Lost in translation
February 2, 2006 2:13 AM   Subscribe

What's the Korean for thanatophany or the Icelandic for snoek? J M Coetzee writes about the problems and delights of translation. [via languagehat]
posted by johnny novak (15 comments total) 2 users marked this as a favorite

For the ultimate tome on translation, read Le Ton Beau de Marot by Douglas Hofstadter (better known as the author of Gödel, Escher, Bach: an Eternal Golden Braid).
posted by girlhacker at 3:00 AM on February 2, 2006

geb. dopest book evarr!!
posted by phaedon at 3:20 AM on February 2, 2006

GEB is one of those books which I keep buying as I tend to give it to people.
posted by chrid at 3:44 AM on February 2, 2006

An excerpt from Coetzee's fascinating essay, in the hopes people will start talking about it instead of Hofstadter, who is a fun writer but in no way an expert on translation (and besides, completely irrelevant to this post):
Phrasings planted in Waiting for the Barbarians for their generic Far Eastern associations naturally aroused the interest of my Chinese translator. The crucial passage in the book was the following, spoken by the Magistrate:

I ... am no less infected with [the vision of Empire] than the faithful Colonel Joll as he tracks the enemies of Empire through the boundless desert, sword unsheathed to cut down barbarian after barbarian until at last he finds and slays the one whose destiny it should be (or if not he then his son or unborn grandson) to climb the bronze gateway to the Summer Palace and topple the globe surmounted by the tiger rampant that symbolised eternal domination.

"It would be highly appreciated," wrote my translator, "if you could help clarify what Summer Palace and globe surmounted by the tiger rampant ... refer to. I wonder if [they] refer to the Old Summer Palace in Beijing that was destroyed by British and French allied force in 1848." The question may seem simple, but it holds surprising depths. It may mean: Are the words Summer Palace intended to refer to the historical Summer Palace? It may also mean: Do the words refer to the historical Summer Palace?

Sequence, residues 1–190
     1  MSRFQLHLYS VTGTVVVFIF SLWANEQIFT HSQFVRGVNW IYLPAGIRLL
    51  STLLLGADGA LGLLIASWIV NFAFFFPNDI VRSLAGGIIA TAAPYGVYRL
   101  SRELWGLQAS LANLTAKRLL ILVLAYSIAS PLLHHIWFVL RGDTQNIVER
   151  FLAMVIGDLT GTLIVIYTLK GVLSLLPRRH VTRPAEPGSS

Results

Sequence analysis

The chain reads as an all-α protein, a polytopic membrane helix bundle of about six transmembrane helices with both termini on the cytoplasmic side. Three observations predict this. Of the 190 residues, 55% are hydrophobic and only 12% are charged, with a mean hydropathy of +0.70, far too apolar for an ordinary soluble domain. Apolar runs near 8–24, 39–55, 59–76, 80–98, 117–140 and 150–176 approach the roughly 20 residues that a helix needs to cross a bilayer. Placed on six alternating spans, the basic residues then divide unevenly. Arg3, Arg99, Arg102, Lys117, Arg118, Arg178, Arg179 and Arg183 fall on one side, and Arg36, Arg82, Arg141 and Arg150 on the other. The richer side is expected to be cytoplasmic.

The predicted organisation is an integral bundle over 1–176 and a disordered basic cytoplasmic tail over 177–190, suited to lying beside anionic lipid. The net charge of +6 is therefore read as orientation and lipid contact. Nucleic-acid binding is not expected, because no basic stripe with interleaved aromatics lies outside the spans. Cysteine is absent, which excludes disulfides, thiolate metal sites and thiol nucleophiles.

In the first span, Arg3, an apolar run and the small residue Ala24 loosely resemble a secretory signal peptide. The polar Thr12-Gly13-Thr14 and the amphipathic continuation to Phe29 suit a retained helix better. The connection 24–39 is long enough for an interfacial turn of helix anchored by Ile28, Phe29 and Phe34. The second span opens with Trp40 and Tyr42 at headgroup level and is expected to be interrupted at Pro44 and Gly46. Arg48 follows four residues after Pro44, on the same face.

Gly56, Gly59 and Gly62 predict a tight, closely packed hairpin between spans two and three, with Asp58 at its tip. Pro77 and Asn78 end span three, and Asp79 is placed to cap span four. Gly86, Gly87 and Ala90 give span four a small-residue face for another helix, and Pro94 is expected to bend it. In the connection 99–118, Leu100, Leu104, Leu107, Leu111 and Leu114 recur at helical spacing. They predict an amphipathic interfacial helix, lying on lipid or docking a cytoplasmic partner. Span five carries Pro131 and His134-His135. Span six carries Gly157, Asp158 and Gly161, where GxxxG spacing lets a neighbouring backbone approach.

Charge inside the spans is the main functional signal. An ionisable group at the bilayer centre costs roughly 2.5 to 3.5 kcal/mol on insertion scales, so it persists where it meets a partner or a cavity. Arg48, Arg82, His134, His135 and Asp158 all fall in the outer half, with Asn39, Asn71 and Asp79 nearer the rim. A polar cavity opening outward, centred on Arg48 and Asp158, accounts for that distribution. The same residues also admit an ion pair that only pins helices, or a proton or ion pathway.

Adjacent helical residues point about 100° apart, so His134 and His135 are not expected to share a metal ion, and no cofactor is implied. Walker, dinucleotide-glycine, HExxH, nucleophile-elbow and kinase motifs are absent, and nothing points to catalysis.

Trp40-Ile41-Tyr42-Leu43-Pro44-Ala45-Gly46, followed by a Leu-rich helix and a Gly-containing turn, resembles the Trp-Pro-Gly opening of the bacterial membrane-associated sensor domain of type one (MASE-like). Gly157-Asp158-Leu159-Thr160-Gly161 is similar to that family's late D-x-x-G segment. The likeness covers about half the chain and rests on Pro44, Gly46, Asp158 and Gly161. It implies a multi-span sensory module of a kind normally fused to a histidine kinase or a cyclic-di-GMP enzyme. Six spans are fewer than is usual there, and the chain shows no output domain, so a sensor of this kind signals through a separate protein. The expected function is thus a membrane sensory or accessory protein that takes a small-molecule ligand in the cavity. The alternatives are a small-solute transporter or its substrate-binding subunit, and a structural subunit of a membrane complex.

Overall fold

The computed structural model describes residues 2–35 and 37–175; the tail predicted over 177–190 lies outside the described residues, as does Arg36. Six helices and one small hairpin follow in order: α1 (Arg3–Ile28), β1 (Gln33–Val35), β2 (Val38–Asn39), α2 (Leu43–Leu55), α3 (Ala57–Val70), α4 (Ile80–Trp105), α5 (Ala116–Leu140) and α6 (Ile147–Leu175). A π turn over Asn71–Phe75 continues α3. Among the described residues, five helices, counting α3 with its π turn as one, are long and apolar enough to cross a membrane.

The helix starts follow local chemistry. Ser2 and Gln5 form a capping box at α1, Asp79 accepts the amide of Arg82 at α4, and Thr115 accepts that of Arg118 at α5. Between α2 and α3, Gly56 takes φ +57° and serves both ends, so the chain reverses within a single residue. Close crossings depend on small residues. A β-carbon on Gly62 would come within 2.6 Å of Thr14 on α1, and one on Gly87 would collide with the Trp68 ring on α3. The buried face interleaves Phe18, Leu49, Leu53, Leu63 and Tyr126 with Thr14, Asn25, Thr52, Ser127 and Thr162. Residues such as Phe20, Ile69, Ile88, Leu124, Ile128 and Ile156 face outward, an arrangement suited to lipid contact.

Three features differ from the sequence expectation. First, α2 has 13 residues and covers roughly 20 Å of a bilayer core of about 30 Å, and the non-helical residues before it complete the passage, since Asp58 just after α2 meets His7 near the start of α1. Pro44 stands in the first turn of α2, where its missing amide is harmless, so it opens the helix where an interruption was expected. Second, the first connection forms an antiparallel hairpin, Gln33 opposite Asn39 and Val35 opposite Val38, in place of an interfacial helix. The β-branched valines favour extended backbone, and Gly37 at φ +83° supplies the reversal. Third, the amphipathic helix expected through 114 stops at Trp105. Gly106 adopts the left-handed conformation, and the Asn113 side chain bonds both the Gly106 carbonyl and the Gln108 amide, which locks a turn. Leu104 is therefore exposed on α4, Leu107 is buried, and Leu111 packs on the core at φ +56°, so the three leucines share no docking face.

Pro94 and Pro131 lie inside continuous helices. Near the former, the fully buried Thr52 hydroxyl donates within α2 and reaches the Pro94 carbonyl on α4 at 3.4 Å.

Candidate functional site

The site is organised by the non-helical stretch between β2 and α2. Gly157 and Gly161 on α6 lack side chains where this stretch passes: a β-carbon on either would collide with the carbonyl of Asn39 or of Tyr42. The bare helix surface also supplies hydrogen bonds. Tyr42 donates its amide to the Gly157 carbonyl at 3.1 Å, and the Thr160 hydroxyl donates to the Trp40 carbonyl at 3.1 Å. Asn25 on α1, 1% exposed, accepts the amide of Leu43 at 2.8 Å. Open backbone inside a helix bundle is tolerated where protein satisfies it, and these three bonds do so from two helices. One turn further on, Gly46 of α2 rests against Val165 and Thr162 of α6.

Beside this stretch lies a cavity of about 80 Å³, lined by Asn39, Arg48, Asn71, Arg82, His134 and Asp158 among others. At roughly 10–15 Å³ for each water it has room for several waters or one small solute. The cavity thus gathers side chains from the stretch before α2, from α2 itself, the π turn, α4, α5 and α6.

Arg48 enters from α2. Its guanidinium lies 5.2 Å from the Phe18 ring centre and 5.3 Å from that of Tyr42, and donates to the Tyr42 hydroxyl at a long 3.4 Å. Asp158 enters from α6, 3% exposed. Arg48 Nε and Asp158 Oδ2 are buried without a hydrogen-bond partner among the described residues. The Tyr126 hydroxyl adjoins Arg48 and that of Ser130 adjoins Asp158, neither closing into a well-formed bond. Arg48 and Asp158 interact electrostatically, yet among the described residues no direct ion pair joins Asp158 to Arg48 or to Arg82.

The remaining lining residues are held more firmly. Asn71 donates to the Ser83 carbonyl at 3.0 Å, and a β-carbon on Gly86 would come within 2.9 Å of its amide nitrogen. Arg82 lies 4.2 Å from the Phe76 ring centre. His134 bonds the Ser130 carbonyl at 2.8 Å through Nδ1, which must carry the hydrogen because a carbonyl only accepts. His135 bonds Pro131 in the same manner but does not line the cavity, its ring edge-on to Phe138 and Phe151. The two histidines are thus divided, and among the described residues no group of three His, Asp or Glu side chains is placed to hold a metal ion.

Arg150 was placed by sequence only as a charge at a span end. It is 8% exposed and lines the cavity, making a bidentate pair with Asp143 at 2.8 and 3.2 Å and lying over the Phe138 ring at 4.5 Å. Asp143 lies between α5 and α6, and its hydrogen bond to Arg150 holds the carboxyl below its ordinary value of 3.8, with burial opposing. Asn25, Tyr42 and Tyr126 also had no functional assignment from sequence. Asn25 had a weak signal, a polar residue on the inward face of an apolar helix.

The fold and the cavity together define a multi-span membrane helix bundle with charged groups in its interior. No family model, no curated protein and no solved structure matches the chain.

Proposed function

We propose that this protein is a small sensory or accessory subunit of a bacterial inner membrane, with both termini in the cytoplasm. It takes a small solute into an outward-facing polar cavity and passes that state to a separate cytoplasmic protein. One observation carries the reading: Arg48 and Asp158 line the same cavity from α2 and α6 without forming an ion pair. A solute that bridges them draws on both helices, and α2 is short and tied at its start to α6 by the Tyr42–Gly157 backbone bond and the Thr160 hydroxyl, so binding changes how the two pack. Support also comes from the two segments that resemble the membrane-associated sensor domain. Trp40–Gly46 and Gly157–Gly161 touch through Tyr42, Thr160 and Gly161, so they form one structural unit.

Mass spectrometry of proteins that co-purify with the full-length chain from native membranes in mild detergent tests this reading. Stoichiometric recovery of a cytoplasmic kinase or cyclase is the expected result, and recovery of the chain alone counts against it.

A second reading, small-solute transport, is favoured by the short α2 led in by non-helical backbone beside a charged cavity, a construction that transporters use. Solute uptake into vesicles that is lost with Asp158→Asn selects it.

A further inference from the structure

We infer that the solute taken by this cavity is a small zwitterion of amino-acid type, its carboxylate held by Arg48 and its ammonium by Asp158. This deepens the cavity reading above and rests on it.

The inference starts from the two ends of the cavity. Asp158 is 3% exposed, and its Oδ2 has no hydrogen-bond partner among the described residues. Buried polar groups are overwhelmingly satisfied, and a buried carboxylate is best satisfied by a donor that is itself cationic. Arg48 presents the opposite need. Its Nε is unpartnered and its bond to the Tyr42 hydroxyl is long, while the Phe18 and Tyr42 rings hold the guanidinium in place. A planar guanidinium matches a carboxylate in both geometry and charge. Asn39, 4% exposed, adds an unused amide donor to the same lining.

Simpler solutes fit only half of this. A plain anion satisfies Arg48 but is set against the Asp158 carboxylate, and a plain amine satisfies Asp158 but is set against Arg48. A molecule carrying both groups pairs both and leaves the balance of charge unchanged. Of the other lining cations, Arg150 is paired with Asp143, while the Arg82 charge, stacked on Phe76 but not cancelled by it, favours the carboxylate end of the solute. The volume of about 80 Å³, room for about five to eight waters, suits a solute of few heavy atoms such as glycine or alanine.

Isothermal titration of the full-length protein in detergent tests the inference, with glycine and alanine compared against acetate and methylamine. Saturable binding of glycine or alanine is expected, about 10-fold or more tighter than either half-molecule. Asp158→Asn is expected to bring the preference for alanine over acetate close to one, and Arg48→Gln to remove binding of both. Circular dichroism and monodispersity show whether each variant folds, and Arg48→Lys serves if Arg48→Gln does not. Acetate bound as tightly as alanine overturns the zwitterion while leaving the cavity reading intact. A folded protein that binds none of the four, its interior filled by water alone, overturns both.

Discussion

I, as sole author, am the only person able to answer the first question, and my answer must be that I did not consciously intend to refer to the palace in Beijing, and certainly did not intend to evoke the historical sack of that palace, with its attendant national humiliations.

At the same time, I did intend that enough of an association with imperial China should be evoked to balance and complicate, for instance, the association with imperial Russia evoked elsewhere in the book by the phrase Third Bureau, the arm of the security forces for which Colonel Joll works.

As for whether the words in question do refer to the palace in Beijing, as author I am powerless to say. The words are written; I cannot control the associations they awaken.

But my translator is not so powerless: a nudge here, a nuance there, and the reader may be either directed towards or headed off from the Beijing of 1848.
posted by languagehat at 5:33 AM on February 2, 2006 [1 favorite]

When I speak English to Germans I must constantly remind myself to avoid being sardonic, making puns, any sort of sarcasm, double entendre, colloquialisms, idioms, etc, etc, etc. This makes speaking much more of a direct statement-based act of communication rather than the casual, silly, and fun-filled communication/exposition that I'm used to.
posted by beerbajay at 5:55 AM on February 2, 2006

Thanks for this, it just goes to show that I should never not visit languagehat on a daily basis, as I had missed it.

This is an excellent essay, and so revealing on so many levels. Not least the sheer volume of exchanges with his translators that an author of Coetzee's stature must engage in. In the interstial interview (which is excellent) that holds together the various sections of the book of essays Doubling the Point (which is excellent), Coetzee makes it clear that he finds it difficult to speak with authority about the writing that he has already done. I don't have the book in front of me, but he essentially says, "I can't really comment on exactly what I was thinking, as one only thinks like that when one is actually writing. That is when the thought is alive, after it is published it becomes reified in a way that makes it as inaccessible (in important ways) for the author as it is for the reader." I love that section of the interview because it not only tracks with my own experience of reading my written work after some time has passed, but it also seems refreshingly honest. It would be hard to recommend Doubling the Point highly enough, it's well worth the price simply for the essay on time in Kafka's story The Burrow. Which I think makes any subsequent reading of The Life and Times of Michael K much richer than it might otherwise be.